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Theme From Greensboro Day School

Theme From Greensboro Day School

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Theme From Greensboro Day School

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  1. ThemeFrom Greensboro Day School

  2. Theme defined • A central idea or “truth” that a work of literature expresses • A comment that a work of literature makes on the human condition

  3. Theme Versus Subject • Subject: what a work is about. It can usually be expressed in one word. For example, “Love” is a subject of Romeo and Juliet • Theme: What does the work say about the subject? It should be a complete sentence or statement. For example, “In Romeo and Juliet, we learn that adolescent romance can be a stronger force than family ties.”

  4. Theme must go beyond the book • To be a true theme, the truth or comment must apply to people or to life in general, not just the characters in the book.

  5. For Example • “In Beauty and the Beast, Belle learns that true beauty comes from within,” only applies to the story. Instead, express the theme like this: “In Beauty and the Beast, we learn through Belle and the beast that true beauty comes from within.”

  6. Multiple themes are possible! • Many books have more than one theme, so do not think that there is one “right” theme to any book you read. In fact, most great literature has multiple themes.

  7. Themes must be supported! • Just because works can have multiple themes, it does not mean that the theme can be anything that you want. • In order for a theme to be justified, there must be specific, concrete evidence from the text. For example, if your potential theme statement is that “Poverty creates tough, self-reliant people,” then the book should contain examples of poor characters who develop toughness and self-reliance.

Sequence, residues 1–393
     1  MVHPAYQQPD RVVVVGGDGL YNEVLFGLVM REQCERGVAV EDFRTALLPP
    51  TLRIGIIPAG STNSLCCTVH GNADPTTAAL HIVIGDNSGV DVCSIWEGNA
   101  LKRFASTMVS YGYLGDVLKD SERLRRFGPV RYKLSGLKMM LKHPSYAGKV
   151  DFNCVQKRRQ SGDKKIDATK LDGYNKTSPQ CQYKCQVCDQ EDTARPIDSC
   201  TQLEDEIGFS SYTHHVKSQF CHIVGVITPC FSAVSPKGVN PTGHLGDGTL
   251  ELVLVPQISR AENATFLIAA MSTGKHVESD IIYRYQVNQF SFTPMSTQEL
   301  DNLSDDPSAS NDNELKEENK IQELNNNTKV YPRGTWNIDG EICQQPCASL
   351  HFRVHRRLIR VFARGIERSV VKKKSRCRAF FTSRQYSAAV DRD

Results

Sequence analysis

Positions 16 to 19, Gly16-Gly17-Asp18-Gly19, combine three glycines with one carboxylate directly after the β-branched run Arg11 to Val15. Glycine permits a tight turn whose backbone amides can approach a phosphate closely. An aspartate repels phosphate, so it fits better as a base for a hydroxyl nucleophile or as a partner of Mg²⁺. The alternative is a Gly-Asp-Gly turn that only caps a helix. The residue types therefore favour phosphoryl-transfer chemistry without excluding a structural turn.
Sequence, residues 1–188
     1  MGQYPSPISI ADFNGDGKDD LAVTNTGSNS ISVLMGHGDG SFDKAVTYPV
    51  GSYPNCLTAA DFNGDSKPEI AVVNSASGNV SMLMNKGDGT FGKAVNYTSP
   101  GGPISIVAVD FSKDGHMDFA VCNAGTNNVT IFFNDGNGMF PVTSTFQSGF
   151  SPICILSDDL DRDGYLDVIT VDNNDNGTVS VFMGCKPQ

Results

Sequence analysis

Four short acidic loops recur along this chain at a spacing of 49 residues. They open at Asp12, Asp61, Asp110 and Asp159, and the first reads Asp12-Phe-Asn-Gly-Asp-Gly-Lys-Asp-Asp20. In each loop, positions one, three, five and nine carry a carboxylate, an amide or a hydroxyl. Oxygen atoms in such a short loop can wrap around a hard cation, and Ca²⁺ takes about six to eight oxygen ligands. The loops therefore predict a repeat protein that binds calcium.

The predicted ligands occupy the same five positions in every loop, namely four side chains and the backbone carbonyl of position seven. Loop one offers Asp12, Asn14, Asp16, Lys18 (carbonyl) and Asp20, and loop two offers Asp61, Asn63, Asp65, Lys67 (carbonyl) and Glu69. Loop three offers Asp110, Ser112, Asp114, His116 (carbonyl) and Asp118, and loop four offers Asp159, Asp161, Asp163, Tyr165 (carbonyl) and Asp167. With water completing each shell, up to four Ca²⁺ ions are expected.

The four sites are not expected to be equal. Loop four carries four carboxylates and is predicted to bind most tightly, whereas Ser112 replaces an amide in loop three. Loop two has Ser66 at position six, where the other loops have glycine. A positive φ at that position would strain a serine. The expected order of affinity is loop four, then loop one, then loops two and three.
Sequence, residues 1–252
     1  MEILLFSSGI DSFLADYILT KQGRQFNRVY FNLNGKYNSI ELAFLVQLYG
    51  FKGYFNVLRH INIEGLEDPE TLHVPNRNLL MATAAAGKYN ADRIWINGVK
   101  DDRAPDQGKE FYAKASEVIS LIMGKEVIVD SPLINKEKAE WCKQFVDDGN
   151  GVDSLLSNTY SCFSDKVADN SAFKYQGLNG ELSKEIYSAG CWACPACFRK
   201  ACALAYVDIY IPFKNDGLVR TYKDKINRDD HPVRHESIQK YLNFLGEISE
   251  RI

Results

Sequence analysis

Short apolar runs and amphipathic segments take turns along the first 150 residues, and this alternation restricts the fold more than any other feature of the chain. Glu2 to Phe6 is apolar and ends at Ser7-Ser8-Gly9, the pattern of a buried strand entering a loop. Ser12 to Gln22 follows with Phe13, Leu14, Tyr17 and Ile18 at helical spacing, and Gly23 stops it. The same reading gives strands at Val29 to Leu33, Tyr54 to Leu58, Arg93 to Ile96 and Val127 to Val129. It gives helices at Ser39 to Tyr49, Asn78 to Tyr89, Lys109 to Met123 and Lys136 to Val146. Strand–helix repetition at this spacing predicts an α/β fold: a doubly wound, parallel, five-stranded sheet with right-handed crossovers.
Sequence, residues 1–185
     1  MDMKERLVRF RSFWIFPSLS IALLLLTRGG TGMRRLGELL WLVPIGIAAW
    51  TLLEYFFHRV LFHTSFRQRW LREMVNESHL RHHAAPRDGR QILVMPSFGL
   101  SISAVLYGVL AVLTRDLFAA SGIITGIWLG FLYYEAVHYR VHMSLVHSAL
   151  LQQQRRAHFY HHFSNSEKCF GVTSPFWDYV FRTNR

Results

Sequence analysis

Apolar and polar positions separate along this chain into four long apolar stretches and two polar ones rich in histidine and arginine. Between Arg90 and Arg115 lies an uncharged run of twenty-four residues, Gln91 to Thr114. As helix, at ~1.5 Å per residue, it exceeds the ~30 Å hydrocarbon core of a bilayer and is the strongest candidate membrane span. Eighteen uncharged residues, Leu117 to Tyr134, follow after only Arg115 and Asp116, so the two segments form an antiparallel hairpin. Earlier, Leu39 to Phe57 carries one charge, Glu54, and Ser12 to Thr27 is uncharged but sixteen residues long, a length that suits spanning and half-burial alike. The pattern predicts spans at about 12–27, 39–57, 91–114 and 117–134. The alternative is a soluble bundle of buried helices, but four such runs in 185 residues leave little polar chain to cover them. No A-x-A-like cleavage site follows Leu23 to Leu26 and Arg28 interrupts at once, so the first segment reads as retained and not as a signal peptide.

8. Finding the theme • Asking questions • What is the subject? • What does the book say, or teach us, about the subject? • How does the work communicate the theme? In other words, what specific details, characters, actions, incidents, etc, suggest the truth of the theme statement?

  9. Possible Theme Questions • Questions about the nature of humanity • Does the author think that humans are good or flawed? • What good things do people do? • How are people flawed? • To what extent are people flawed?

  10. Questions about Society • Does the society help people or hurt them? • Are characters in conflict with society? • Do characters want to escape the society? • Is the society flawed? • If so, how?

  11. Questions about humans and the world • Do characters control their lives? Do they make free choices? • Are characters driven by forces beyond their control? • Does the world have some grand scheme, or is it random and arbitrary?

  12. Questions about Ethics • What are the moral conflicts in the work? • Are right and wrong clear cut in the story? • Does right win over wrong, or vice versa? • To what extent are characters to blame for their actions.

  13. Sample Theme Statements • The theme of The Old Man and the Sea is that striving, struggling, and suffering are the only ways to achieve victory. • In My Antonia, Willa Cather demonstrates that the land is what makes people happy and fulfilled. • In Lord of the Flies, William Golding suggests that a democracy is better than a dictatorship.